Hedge Fund Data
Macro deep dive – Sep 22
- Macro funds generated an average return of 2.2% in the 12 months through September 2022.
- Strategy AUM has fallen by $11.1bn, due to net outflows of $16.3bn that were partly offset by net profits of $5.2bn.
- Commodities was the strongest performing sub-strategy, generating an average return of 9.5%.
- FIRV had the lowest standard deviation among the sub-strategies and the highest 3-year Sharpe ratio at 1.67.
Macro funds have delivered positive performance over the 12 months through September 2022, with an average return of 2.2%. Macro returns have been driven by strong performance from commodities and global macro funds in particular, whilst poor performance from emerging markets macro (“EM macro”) funds significantly detracted from overall aggregate performance. The master strategy was positive for 8 of the last 12 months, with the worst monthly drawdowns (both of -1.6%) occurring in October 2021 and June 2022. The best monthly performance was 1.9% in August 2022, followed closely by 1.8% in March 2022. On a relative basis, performance has been strong given the extreme levels of volatility across global markets. The period under review includes ‘the worst cross asset selloff since 1981’ in August 2022 with simultaneous declines across equities, commodities, corporate and government bonds.
On a relative basis, performance has been strong given the extreme levels of volatility across global markets
Macro is one of the smaller master strategies monitored by Aurum Hedge Fund Data Engine, as measured by AUM. Macro strategies account for $316bn out of the $3,010bn combined AUM monitored as at September 2022. The macro master strategy AUM over the period fell by $11.1bn; the decline was primarily due to net outflows of $16.3bn though was partially offset by net profits of $5.2bn. The number of monitored macro funds fell by 47 over the last 12 months to September 2022, from 384 to 337. At a sub strategy level, the change in fund count was -7 across commodities, -4 in fixed income relative value (“FIRV”), -27 in global macro and -9 in EM macro.
Macro was the fourth best performing master strategy in the 12 months through September 2022 (see page 6 of the report). All sub-strategies except for EM macro had positive performance over the period. The range in sub-strategy returns over the period was wide, from -13.5% for EM macro to +9.5% for commodities.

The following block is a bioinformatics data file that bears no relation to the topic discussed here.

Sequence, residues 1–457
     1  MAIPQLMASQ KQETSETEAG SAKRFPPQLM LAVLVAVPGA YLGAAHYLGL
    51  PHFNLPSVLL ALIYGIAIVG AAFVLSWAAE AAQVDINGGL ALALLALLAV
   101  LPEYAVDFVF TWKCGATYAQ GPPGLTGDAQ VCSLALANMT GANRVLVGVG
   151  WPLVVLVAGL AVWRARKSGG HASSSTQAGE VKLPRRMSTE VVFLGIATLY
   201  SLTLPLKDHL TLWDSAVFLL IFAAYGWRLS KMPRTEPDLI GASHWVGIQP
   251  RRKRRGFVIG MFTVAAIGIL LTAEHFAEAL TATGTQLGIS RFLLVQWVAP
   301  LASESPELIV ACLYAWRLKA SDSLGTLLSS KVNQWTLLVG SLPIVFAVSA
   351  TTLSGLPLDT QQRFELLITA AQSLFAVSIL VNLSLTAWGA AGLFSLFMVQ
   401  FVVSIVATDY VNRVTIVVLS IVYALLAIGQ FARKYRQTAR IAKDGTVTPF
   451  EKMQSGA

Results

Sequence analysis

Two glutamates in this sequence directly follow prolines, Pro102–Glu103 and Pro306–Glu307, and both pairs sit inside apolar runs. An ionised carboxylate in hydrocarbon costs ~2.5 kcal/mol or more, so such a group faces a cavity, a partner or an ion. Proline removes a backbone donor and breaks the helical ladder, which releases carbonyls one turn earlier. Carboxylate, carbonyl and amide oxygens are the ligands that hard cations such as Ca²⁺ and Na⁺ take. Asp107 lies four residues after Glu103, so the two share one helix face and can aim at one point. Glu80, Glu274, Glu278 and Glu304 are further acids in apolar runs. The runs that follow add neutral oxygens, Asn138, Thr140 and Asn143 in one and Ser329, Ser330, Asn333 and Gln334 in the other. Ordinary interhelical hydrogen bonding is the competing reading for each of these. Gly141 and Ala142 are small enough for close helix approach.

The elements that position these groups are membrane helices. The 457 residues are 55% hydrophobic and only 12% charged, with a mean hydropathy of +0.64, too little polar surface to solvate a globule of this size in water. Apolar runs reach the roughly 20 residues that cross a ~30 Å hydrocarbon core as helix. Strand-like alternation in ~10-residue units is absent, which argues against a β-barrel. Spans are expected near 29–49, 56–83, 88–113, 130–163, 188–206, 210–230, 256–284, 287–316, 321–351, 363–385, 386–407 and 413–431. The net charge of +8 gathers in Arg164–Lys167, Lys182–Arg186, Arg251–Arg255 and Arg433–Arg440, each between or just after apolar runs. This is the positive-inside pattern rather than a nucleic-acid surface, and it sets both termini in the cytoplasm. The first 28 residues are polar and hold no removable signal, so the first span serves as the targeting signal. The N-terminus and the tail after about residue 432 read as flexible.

Commodities, global macro and FIRV sub-strategies outperformed the HF composite over the period
At the sub-strategy level, commodities, global macro and FIRV outperformed the HF composite over the period, whilst EM macro was a notable underperformer. Global inflationary pressures surged through most major asset classes, creating considerable disruption and subsequently led to increasing monetary policy divergence between countries. Key themes such as long positions in commodities and US dollar, along with short positions in fixed income and equities, have provided ample opportunity for macro funds. Many EM macro funds have been wrongfooted during the year by the Russian invasion of Ukraine, as well as heightened fears of a global economic slowdown.
NET RETURN OF MASTER AND SUB STRATEGIES (1 YR)
Commodities was the best performing macro sub-strategy, generating an asset weighted average net return of 9.5%. The sub-strategy has performed very well over the last three years, breaking what was a persistent pattern of relative under-performance over the prior decade. The clear trend this year has been the rise in commodity prices across the board due to a plethora of reasons including: chronic underinvestment leading to very tight supply, demand acceleration post-COVID, supply chain disruptions and of course the war in Ukraine. The dispersions within commodity markets during the period is so high that it is difficult to generalise the key trades in this sub-strategy, but some key themes were long energy (particularly oil and natural gas, earlier in the year), metals and softs.
Commodities was the best performing sub-strategy. Over the past three years it has broken the pattern of relative under-performance over the prior decade.
Global macro funds returned 7.6% net of fees on average, weighted by assets. Global macro funds are often sought out by investors to provide ‘crisis alpha’. Global macro funds have delivered strong performance amidst a market in which global equities** and bonds* fell by over 23% and 21% respectively over the last 12 months and are down 27% and 20% year to date as at 30 September. Performance also compares favourably to the broader hedge fund universe, which is down over 3% in the last 12 months and down 4% YTD as at 30 September. Most of the sub-strategy gains can be attributed to directional rates trades. These have most notably been in the US, where there has been one of the more aggressive hiking cycles on record as a response to the highest inflation figures seen in decades. Another area of focus has been in FX, where long US dollar and short Japanese yen have been very profitable trades.